Both the non-ADA compliant rooms at the Holiday Inn Express in Roseburg, Oregon, and Seattle (SeaTac), Washington, have sufficient space for a manual wheelchair.
All the accessible rooms — except the room at the Roseburg Holiday Inn Express — can sleep four and the room at the Staybridge Suites in Sunnyvale can even sleep six. This is thankfully becoming a more popular trend as not that long ago it was extremely difficult to find an accessible hotel room with more than one bed. There are still states and hotel chains that have still not realized that people with disabilities travel with their families or in groups. However, props to IHG (at least on the west coast) for catching on and catering to more people.
The other thing that IHG seems to have done (at least on the west coast) to cater to people with disabilities is they have thankfully not followed the trend of high platform beds, creating a double whammy for the disability community. Beds that are on platforms do not accommodate anyone who needs to utilize a Hoyer lift to transfer, and beds that are too high do not accommodate to people who transfer themselves to and from their wheelchair. The beds in all the rooms in which Kyann stayed have space for a Hoyer lift to roll under, and the beds are not ridiculously high. However, this is unfortunately not specified anywhere when booking and hotel personnel may have no idea what you are asking when you address this topic of bed accessibility. The rooms with pull-out sofas also give people another option if the bed is too high as sofa beds are typically lower. But, having adjustable beds is the ultimate solution to providing all people within the disability community to get in and out of bed when staying at a hotel.
Kyann checked out two of the hotels’ pools, and her parents checked out a third. The Holiday Inn Express in Pullman, the Holiday Inn Express in Roseburg, and the Staybridge Suites in Sunnyvale, all have lifts. Kyann does not know if the other hotels have lifts, or if they even have pools for that matter.
The continental breakfast areas at all of the locations that provide breakfast are accessible.
The bathroom doors at both the Staybridge Suites have pocket doors which magnetize shut when closed. Like Kyann, for anyone with dexterity issues, it is very difficult — if not impossible — to open the magnetized doors.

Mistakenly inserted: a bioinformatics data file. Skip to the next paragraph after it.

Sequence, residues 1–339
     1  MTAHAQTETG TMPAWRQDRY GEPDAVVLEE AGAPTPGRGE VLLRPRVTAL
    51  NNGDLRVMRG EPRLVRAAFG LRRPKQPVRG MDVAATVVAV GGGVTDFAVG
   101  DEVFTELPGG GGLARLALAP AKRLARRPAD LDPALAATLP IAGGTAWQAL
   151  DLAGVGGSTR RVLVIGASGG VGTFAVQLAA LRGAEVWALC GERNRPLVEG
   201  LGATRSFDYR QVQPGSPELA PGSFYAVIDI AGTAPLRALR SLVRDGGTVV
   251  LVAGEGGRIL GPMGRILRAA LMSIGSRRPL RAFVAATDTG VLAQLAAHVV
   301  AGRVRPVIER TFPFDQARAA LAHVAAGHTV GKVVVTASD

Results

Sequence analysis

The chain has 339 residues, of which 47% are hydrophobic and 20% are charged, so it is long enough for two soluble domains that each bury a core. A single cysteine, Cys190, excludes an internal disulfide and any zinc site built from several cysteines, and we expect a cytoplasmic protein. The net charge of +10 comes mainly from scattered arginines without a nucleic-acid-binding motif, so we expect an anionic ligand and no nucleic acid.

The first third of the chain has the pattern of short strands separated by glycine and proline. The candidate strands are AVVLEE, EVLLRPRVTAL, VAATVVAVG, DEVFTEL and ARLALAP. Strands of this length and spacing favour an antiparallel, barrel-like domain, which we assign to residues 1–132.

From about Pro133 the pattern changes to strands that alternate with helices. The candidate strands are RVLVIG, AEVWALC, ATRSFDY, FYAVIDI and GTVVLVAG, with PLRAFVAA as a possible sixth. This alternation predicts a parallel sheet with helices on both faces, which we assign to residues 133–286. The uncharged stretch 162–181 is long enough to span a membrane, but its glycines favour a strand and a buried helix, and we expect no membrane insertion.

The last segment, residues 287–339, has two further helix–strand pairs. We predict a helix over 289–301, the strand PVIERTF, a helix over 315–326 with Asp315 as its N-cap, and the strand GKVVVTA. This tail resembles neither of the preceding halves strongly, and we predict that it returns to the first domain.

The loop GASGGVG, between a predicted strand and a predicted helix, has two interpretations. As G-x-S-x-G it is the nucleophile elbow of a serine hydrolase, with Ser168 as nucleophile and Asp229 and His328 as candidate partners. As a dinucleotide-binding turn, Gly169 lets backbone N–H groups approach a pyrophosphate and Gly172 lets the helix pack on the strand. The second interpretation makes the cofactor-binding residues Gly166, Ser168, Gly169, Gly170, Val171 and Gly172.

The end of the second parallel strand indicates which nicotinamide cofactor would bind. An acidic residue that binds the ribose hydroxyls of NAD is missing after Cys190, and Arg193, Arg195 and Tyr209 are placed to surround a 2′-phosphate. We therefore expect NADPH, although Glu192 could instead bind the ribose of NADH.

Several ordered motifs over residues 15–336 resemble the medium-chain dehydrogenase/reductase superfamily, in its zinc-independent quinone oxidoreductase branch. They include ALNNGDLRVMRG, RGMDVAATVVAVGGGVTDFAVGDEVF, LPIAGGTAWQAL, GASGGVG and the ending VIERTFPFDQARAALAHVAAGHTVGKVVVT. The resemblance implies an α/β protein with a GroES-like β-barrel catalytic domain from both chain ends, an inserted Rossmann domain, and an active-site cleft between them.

The sidewalks at the Staybridge Suites in Sunnyvale, California, are the main source of traveling throughout the hotel campus; however, due to trees and age, these sidewalks are bumpy/uneven. Like Kyann, this is a hazard for people who utilize mobility aids and/or have legal blindness.
The transition from the kitchenette to the living room at the Candlewood Suites in Medford, Oregon, was unnecessarily large and cumbersome for Kyann to push across. This could also be a hazard for someone who has balance and/or visual issues.
The accessible parking at the SeaTac Holiday Inn Express is not located near the accessible main entrance. There is an alternative route; however, this route requires the use of an extremely old lift in order to access the mezzanine and then the use of an elevator to get to the front desk — one floor below.
Even though it is incredible that there is a range of accessibility options, as accessible is not “one size fits all”, hotels do not always specify what their mobility/accessible rooms entail. People with disabilities need to do a whole lot of extra work just to find a room that fits their accessibility needs. This is discriminatory.
Travelers with disabilities have to contact the hotel directly and request the specifics of the room they are booking; many times they do not get the correct information via the phone causing them to book a room that is not accessible to them. If the hotel employee does not know what each specific accessibility feature is, you must insist that the hotel employee look at the room and give you feedback so that you are accommodated correctly.
Overall, the hotels under the IHG umbrella are relatively accessible in comparison to other hotel chains. However, the accessibility accommodations offered from hotel to hotel vary so greatly that a person with a disability can book a hotel and even with research can show up having no idea what they are going to experience accessibility wise.
This is where AbiliTrek comes in. Use our accessibility platform to rate and review every hotel, every restaurant, and every business you frequent so that the next person has a better understanding and confidence of what they are going to find when they travel. Visit our platform at http://abilitrek.com to help the disability trek without boundaries.